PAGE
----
Take the 2-minute tour ×
Stack Overflow is a question and answer site for professional and enthusiast programmers. It's 100% free, no registration required.

Is this:

function Con () {
    var foo = 42;
    this.foo = foo
}

more slow than this:

function Con () {
    this.foo = 42;
}

On subsequent uses of the foo variable on an object returned by an invocation of the 'Con'-constructor? Ie. does it hurt if the variable has first been living in the closure of the constructor invocation?

EDIT: @FakeRainBrigand: Well, here you measure the time of constructing an object using the constructor. Right? I was rather thinking about subsequent uses of a constructed object, like this:

var myObj = new Con();
var bar = myObj.foo;

What is the time usage of the last line only (that is, the accessing of the variable foo) in the two cases?

share|improve this question
2  
it is slower, but nothing that'll hurt your performance –  No Idea For Name Aug 20 '13 at 6:46
    
They're not equivalent. In the first one you have two variables. If foo is not passed by reference (strings, numbers...) then foo and this.foo won't be in sync if you use foo. If you use this.foo then var foo doesn't help. –  elclanrs Aug 20 '13 at 6:48
    
This is one of those cases where the calls are so negligible that you are better off using what is more friendly for code readability than making the optimization. –  ars265 Aug 20 '13 at 11:59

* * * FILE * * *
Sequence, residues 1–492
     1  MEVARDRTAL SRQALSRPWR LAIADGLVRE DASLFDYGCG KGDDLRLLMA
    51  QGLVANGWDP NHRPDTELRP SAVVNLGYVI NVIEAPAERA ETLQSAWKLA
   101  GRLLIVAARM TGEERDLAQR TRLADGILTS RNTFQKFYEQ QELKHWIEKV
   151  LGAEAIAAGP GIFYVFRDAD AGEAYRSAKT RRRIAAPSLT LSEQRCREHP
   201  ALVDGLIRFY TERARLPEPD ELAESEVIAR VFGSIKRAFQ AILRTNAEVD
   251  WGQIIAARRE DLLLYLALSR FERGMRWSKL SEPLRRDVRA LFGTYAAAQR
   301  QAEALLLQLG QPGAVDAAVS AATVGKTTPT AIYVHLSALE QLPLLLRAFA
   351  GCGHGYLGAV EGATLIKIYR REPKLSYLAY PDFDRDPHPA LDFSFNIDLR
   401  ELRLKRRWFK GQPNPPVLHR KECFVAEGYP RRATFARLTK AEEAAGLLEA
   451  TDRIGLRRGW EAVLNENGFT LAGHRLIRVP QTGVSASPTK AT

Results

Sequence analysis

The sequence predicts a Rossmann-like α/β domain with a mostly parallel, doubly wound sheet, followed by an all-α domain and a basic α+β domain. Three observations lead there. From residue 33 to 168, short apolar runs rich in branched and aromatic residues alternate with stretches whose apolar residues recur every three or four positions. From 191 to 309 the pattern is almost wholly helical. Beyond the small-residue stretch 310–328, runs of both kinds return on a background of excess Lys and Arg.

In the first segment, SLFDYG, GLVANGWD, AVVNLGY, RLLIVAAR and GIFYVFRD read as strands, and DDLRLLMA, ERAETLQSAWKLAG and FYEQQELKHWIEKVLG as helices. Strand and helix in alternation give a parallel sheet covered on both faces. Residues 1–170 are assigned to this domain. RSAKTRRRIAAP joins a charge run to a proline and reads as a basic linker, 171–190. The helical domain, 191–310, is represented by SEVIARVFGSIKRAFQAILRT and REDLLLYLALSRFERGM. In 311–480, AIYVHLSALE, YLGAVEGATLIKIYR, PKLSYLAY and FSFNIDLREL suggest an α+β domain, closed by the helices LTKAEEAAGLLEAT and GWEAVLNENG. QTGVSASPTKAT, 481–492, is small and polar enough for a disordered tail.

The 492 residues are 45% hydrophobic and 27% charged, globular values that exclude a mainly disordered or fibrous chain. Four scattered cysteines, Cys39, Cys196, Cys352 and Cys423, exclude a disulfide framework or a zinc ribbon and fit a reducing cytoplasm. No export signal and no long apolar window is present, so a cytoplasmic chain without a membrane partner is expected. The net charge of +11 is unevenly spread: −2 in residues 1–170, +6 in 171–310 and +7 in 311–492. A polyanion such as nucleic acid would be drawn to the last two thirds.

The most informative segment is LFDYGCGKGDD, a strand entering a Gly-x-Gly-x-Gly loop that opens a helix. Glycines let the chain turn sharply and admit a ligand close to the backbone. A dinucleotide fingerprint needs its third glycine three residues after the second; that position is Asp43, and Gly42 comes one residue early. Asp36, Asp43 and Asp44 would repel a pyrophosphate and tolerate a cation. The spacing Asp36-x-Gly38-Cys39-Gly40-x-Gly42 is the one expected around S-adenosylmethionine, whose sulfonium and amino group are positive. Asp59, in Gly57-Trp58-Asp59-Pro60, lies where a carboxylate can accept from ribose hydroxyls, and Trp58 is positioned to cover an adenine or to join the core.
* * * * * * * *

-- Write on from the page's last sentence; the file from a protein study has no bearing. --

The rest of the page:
1 Answer 1

up vote 3 down vote accepted

It's slightly slower. Here's a performance test. It's more or less negligible, and there are nearly definitely other issues you should worry about. We can do this 60 million times per second, so worry about the things you can only do a few times per second.

performance test with code in original question


I changed the tests to not include actually making the constructor, and they became even more identical. This is likely due to internal optimizations. Here, the two fall into the margin of error.

second performance test

share|improve this answer
    
Well, here you measure the time of constructing an object using the constructor. Right? I was rather thinking about subsequent uses of a constructed object, like this: var myObj = new Con(); var bar = myObj.foo; What is the time usage of the latter statement only (that is, the accessing of the variable foo) in the two cases? –  loldrup Aug 20 '13 at 11:50

Your Answer

 
discard

By posting your answer, you agree to the privacy policy and terms of service.

Not the answer you're looking for? Browse other questions tagged or ask your own question.